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Small Businesses Owners Optimistic About 2023, Even With Downbeat Economic Forecasts.


While economic uncertainty is negatively impacting radio revenue in the first quarter, some just-released research suggests a bright forecast for local businesses, which account for most of station advertising dollars.


The good news comes from a national survey conducted in January by Artemis Strategy Group for PNC Financial Services Group, among 500 owners of companies with self-reported revenue of anywhere from $100,000 to $250 million. The results show that nearly six in 10 owners of small and mid-sized businesses are highly optimistic about their company's prospects in the next six months, which, over the semi-annual survey's 21-year history, marks an all-time high point.


At the same time, the gap between these owners' optimism compared to the broader U.S. economy hits a survey high of 34 percentage points, nearly twice the survey average of 18 percentage points over those 21 years. Nearly two-thirds (63%) believe that business conditions in the U.S. will improve – while 58% expect to see sales increases – in the next six months.


“Although we expect the Federal Reserve to continue to raise interest rates in the spring of 2023 and economic growth is slowing, businesses remain optimistic about their own near-term prospects. In particular, business owners are finding that strong market conditions are prompting decisions to raise prices for the goods and services they offer," PNC Financial Services Group Chief Economist Gus Faucher says.


PNC's survey results also suggest the good news could extend to listeners and potential customers, as fewer businesses than in the survey's last three waves, 21%, expect to increase consumer prices by 5% or more in the next six months, down considerably from last fall's 36%. Less than half (47%) see supplier prices increasing in the next six months, down from more than half (53%) last fall and near the 46% level of a year ago.


Small business owners also now see the glass half full when it comes to supply chain issues, as the survey shows fewer are experiencing inventory shortages, more expect the situation to improve vs. how they felt six months ago, and only two in ten owners (18%) says this is their biggest concern. "It is clear that inflationary pressures are easing,” Faucher says. “Businesses are finding it easier to obtain materials and supplies, inventory levels are returning to normal, and businesses are expecting inflation to slow. But with the tight job market, labor costs remain a concern.”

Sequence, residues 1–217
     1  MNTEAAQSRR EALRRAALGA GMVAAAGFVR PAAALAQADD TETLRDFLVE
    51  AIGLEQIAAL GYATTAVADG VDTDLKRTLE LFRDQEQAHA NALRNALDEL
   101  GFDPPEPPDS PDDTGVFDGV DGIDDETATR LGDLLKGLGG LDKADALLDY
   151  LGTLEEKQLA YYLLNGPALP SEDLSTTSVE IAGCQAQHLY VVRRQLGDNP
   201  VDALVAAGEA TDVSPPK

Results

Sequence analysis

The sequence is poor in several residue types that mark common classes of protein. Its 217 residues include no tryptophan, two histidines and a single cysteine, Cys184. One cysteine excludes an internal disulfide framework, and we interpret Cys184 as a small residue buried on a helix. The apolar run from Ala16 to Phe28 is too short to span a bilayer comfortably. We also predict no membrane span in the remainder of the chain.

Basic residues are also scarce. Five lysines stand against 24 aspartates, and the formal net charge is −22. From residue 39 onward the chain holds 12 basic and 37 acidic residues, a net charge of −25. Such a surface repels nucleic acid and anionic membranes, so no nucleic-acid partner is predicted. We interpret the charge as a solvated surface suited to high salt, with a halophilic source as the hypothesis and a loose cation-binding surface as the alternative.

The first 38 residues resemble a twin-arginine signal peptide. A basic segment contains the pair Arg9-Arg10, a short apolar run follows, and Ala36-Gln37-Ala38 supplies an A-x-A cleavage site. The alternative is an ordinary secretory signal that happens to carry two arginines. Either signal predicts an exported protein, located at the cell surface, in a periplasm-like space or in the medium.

On the hiring side, though, the news isn't anywhere as good. Just over one in 10 owners (13%) expect to increase their number of full-time employees over the next six months, down from two in 10 (21%) both last fall and a year ago (20%), while the 15% expecting to hire more part-timers is the same as seen last fall, and up from 8% a year ago. In addition, more than one-third (36%) of businesses actively hiring employees say it's become harder to hire qualified candidates over the past six months, with the lack of applicants the biggest challenge, for nearly half (47%), ahead of candidates' lack of job-related skills or experience (22%), and compensation requirements that are higher than the business can afford to pay (19%).


Complete national and regional results of PNC's survey are available HERE.

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